Unless you’ve been living under a rock, you would’ve heard of the new suite of watches that Rolex announced on the 1st of September 2020. Likened to the Second Coming, images of the new suite of watches spread like wildfire on social media platforms.
Particularly, the Submariner collection finally received its first update in 8 years. With the release of the new 41mm Submariner collection, Rolex also discontinued the previous “11” generation of Submariners, including the reference 116610LV, also known as the Hulk.
Secondary Market Explosion
The discontinuation of the Hulk in 2020 brings its 10 year production run to an end. The secondary market’s response was explosive and immediate, with private sales listing prices increasing by a jaw-dropping $5,000 overnight.
This phenomenon can be clearly observed through the WatchCharts Price Guide. Below, we show the one-year price history for the Hulk, with annotations to indicate specific historical listings and the time of discontinuation.
With asking prices currently ranging between $19,000 to $28,000, it’s hard not to be green with envy when hearing stories of individuals purchasing the Hulk at its retail price of $9,050. Retrospectively, even secondary market prices from earlier this year seem like a bargain, at $13,000 in June, and $16,000 a mere 3 weeks ago.
With reference to the price graph above, the data-point demarking the day in which the Hulk was officially discontinued is circled in red. Both the market price of sold and unsold listings have skyrocketed overnight.
One thing to note is the price of sold listings is significantly lower than the price of unsold listings. While this is generally true historically, the discrepancy in these prices is now greater than ever. This means that while sellers feel that they can get away with the prices they’re asking, buyers may be hesitant to take the bait.
However, a handful of listings over $19,000 have been confirmed to be sold, as shown above. Could this be FOMO (fear of missing out), or are we going to see the price of the Hulk stabilize above $20,000? Only time will tell.
The Perfect Storm
Of course, if you were on the fence about buying a Hulk before discontinuation, hindsight makes the decision an obvious one. However, some may argue that all the signs were there, which could explain why Hulk prices steadily increased throughout this year, despite the global pandemic.
While rumours of the Hulk’s discontinuation have been circulating for years, this year brought about particularly heavy speculation. Multiple credible sources such as Milenary Watches and EverestBands predicted an overhaul of the Submariner line.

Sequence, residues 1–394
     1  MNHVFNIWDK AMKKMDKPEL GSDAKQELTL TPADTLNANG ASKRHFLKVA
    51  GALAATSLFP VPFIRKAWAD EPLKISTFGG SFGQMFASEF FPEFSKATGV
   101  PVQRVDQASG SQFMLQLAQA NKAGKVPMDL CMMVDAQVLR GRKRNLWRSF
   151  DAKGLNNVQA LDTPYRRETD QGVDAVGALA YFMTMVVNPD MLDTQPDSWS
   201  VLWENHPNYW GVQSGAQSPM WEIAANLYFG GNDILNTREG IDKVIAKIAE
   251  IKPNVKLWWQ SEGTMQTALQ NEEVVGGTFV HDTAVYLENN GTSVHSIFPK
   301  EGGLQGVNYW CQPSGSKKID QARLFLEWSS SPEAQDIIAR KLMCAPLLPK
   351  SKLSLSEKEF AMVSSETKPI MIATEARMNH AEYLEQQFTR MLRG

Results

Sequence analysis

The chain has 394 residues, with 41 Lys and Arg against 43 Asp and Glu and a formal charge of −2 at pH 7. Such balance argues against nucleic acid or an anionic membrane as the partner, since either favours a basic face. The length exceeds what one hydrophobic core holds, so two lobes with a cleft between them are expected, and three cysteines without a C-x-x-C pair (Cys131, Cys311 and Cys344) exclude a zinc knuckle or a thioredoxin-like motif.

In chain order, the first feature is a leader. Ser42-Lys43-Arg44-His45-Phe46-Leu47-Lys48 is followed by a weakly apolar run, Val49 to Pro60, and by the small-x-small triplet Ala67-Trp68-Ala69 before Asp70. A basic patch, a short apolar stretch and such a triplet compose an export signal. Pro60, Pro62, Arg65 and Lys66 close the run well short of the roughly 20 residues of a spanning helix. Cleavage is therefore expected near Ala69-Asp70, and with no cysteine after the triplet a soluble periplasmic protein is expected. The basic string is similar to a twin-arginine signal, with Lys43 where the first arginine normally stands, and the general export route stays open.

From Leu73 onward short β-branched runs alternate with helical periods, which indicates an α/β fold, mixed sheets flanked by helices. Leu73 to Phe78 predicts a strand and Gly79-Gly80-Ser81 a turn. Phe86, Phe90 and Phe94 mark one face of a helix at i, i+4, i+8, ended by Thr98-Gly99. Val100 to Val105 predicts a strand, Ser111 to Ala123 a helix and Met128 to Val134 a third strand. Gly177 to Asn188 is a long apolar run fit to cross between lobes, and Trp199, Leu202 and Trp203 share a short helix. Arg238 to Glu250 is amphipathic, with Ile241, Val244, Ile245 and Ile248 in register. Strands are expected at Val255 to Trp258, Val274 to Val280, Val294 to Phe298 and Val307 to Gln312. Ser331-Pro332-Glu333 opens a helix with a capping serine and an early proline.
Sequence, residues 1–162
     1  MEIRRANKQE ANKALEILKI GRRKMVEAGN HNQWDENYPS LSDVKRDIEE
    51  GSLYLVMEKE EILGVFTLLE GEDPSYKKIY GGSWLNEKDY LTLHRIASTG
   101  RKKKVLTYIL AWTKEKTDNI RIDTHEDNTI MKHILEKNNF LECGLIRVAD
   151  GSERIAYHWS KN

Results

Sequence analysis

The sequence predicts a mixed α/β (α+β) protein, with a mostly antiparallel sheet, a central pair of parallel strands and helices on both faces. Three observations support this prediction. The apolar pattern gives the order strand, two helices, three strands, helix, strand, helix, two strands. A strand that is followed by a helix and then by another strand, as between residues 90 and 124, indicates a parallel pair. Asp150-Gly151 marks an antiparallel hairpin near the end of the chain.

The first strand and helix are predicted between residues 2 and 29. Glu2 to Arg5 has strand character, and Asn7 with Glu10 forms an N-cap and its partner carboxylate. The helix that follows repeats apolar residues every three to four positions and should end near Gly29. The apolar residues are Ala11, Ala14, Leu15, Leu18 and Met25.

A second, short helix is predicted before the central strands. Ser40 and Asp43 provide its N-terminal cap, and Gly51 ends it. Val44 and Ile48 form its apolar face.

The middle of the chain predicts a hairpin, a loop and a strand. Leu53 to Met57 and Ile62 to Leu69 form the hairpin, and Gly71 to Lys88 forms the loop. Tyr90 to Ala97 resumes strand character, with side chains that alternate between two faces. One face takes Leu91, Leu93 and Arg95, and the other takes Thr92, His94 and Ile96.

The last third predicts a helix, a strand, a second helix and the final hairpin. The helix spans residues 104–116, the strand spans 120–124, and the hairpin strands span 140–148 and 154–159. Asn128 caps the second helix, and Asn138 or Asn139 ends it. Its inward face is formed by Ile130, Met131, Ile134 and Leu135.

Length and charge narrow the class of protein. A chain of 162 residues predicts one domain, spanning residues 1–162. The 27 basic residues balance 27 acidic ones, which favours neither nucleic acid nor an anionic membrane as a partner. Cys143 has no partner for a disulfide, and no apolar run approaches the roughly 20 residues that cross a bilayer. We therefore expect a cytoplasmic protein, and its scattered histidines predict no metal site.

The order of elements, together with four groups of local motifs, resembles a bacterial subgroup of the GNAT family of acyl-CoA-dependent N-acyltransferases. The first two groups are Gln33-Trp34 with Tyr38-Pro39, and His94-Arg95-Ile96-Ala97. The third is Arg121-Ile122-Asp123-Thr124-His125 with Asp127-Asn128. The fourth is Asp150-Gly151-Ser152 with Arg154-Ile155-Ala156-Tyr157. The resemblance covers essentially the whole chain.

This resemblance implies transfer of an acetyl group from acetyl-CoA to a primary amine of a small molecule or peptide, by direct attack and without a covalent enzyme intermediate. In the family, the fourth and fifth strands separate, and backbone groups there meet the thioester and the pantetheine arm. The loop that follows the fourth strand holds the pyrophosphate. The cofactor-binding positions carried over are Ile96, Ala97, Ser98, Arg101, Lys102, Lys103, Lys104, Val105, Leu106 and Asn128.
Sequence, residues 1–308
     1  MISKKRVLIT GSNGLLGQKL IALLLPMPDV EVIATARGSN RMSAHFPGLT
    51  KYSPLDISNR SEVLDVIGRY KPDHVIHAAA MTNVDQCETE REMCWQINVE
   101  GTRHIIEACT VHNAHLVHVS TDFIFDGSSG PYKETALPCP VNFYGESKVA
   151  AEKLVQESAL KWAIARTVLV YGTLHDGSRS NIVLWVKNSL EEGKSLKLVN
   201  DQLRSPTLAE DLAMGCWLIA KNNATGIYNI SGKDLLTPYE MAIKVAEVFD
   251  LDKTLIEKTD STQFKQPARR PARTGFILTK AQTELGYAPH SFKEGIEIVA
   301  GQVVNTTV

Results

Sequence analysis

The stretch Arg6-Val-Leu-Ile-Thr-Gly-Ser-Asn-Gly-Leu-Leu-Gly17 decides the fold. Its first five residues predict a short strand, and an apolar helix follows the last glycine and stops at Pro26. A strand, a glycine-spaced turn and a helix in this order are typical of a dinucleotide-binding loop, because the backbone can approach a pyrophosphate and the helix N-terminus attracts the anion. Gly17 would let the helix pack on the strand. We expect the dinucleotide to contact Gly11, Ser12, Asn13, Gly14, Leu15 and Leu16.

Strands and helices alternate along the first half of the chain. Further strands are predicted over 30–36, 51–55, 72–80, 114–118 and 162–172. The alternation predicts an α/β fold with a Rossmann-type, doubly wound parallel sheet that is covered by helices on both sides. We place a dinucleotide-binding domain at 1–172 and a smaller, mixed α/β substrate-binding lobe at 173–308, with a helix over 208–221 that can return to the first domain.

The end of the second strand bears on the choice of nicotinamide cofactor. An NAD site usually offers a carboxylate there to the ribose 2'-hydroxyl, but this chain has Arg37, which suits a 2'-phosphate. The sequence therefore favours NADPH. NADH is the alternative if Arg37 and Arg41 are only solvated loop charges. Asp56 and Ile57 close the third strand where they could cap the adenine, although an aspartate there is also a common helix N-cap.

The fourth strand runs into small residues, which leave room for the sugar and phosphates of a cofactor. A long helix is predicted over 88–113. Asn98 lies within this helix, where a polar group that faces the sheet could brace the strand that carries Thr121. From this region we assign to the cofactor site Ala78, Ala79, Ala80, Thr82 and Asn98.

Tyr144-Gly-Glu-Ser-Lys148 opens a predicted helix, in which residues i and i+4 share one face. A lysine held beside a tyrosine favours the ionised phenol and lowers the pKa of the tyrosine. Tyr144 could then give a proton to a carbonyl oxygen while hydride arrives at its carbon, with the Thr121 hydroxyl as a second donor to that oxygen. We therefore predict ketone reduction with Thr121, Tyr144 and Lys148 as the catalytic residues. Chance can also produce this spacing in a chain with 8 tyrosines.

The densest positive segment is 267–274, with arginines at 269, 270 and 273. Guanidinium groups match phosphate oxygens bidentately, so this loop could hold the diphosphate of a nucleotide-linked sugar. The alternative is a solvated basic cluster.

In fact, it was clear that a refresh was inevitable, as all modern Submariners were powered by the previous generation 3135 movement, as opposed to the second generation 3235 which debuted in 2015 and boasts a 70 hour power reserve. The new movement had already been rolled out across other prominent Rolex collections, including the Yacht-Master last year and the Sea-Dweller in 2017.
Further details comparing the two movements can be seen in this comprehensive article.
Before Rolex’s announcement, the only models that were still running on the Caliber 3135 were the Date 34 and the Submariner. With the introduction of the upgraded movement, Rolex also modified the Swiss Made signature at 6 o’clock dial position, to include the Rolex crown between the words.
Do all discontinued models follow such a trajectory? The simple answer is no, reality is often much more nuanced. So why has The Hulk seen such an increase?
First and foremost, the Submariner is arguably Rolex’s most popular collection, enjoying strong sales and an absurd waiting list to match. Although the Hulk did not have the most welcoming reception when it was first announced, its popularity among collectors has been growing steadily the last few years.
Recently, the Hulk has rivaled the traditional black dial Submariner in terms of secondary market demand. Our data shows 523 sold black dial Subs in the past year, compared to 448 sold for the Hulk. While the 116610LN is still traded more frequently, the Hulk’s activity is high relative to its production numbers.
With the Hulk being a rare deviation from Rolex’s unflinchingly consistent design language, and the only stainless steel Submariner ever produced that featured both a non-black dial and bezel, Rolex gave the model a good chance at becoming a recipe for success.
The Hulk’s legacy is further cemented by the fact that its successor, the 126610LV Kermit, does not follow the same design. Instead, Rolex chose to keep the green ceramic bezel from the Hulk, but replace the sunburst green dial with a more standard black dial. The evolution of the green Submariner can be seen in the graphic below.
If Rolex stays true to its release schedule, it could be 10 years, if ever, before we see another Submariner with a green dial and green bezel.
In the 1st Century BC, Publilius Syrus wrote: “Something is only worth what someone is willing to pay for it”. This statement holds very true to the topic at hand. Although we are seeing Hulk prices skyrocket on the secondary market, the majority of them remain unsold.
Will the discontinuation of the Hulk further increase its popularity? Does the public opinion of the Hulk justify the current listing prices? What we are seeing is the immediate market reaction, and opportunism in relation to sellers riding the hype train. It will be weeks if not months before we see the price of the Hulk reach an equilibrium.
What would you be willing to pay for a Hulk? Chime in the comments below.